Icon (Close Menu)


Employment Lawyers Give Advice After SCOTUS Blocks Vaccine Mandate

3 min read

Even though the U.S. Supreme Court has blocked a federal vaccine mandate for private employers, businesses still have to take measures to protect workers from coronavirus-related illness or death. 

That’s what employment lawyers told the Arkansas State Chamber of Commerce on Wednesday during a virtual meeting on how businesses should proceed after the high court’s decision.

The lawyers from Friday Eldredge & Clark LLP of Little Rock said that while the vaccine mandate is in limbo (the Supreme Court decision didn’t kill the mandate, it just stopped it from being enforced while a lower court case plays out), employers can set their own policy. But they must be mindful of existing state and federal regulations. 

They pointed to an Occupational Health and Safety Administration rule that requires employers to provide a workplace “free from recognized hazards that are causing or are likely to cause death or serious physical harm.” And OSHA has made it clear that it recognizes COVID-19 as such a hazard, said labor and employment attorney Michael Moore.

“It’s my belief that if an employer is not following CDC guidelines and an outbreak or death occurs, OSHA is liable to come down pretty hard on them,” Moore said. 

Moore recommended that employers document how they’re following CDC guidelines to help protect their business. He said it helps to know who’s vaccinated, and therefore who needs to isolate or quarantine if they’re infected. Simply asking about a worker’s vaccination status, Moore said, wouldn’t violate state or federal law.

Neither would making vaccination a condition of a job offer, in Moore’s opinion. A new state law requires businesses with a vaccine mandate to allow employees to opt-out if they’re tested weekly or can prove they have antibodies. It also requires businesses to make reasonable accommodations for employees who receive vaccine exemptions because of religion or disability. But, as Moore noted, the law says nothing about job applicants. 

Moore’s colleague, labor and employment lawyer Mark Cameron, said screening applicants by vaccination status would be similar to screening through a drug test. He reminded businesses that the law prohibits employers from considering religion or disability in the hiring process.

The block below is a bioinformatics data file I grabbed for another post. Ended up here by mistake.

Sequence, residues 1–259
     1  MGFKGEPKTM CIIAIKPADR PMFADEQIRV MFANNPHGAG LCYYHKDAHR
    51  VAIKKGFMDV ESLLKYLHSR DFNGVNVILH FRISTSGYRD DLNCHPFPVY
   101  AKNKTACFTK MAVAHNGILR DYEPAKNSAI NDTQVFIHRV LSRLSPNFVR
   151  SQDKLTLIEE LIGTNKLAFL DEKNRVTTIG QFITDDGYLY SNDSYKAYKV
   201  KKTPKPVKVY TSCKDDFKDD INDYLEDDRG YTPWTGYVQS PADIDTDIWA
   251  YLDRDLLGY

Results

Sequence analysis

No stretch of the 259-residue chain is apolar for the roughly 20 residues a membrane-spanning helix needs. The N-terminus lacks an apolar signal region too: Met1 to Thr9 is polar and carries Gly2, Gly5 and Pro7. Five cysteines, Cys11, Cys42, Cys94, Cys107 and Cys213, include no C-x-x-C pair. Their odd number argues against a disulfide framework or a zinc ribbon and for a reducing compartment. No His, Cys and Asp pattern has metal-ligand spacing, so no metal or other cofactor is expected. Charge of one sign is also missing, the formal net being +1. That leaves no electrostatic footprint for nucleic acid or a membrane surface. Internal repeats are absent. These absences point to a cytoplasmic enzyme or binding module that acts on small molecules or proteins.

State law bans businesses from firing someone over their vaccination status, but Moore and Cameron said that businesses could still reassign a worker, require them to wear more personal protective equipment, or even place them on leave.

Mandate for health workers

The Supreme Court allowed a vaccine mandate for most health workers in the U.S. to proceed, and providers that receive funding from the Centers for Medicare & Medicaid should be prepared to comply.

Amie Wilcox, a Friday firm associate whose practice focuses on health care, said surveys can begin Feb. 13 in Arkansas to determine compliance with the mandate. 

The mandate provides exemptions based on religion and disability, but it does not allow workers to opt-out if they submit to weekly testing or can prove they have antibodies. It requires facilities to document employee vaccination status and exemptions, and detail the reasons behind the exemptions.  

For those with approved exemptions, suggested accommodations include but aren’t limited to reassignment away from patient care, weekly testing and CDC-recommended measures including physical distancing and mask-wearing. Wilcox said weekly testing is quickly becoming the industry standard.

“Of course, one size does not fit all,” she said. “Your accommodation for someone providing patient care may be different than someone who works in a business office.”

Wilcox said the vaccination requirement covers a “pretty vast” range of workers beyond health professionals, including on-site contractors, such as construction crews.  

“Covered staff are essentially anyone who has contact with a patient or who may have contact with a patient in common areas,” she said. 

The mandate primarily applies to hospitals, ambulatory surgery centers, long-term care facilities, hospice agencies and home health providers. Wilcox said independent physicians generally aren’t subject to the mandate, but there are exceptions for physicians who have an outpatient relationship with a covered hospital or receive CMS funding for certain services. 

Send this to a friend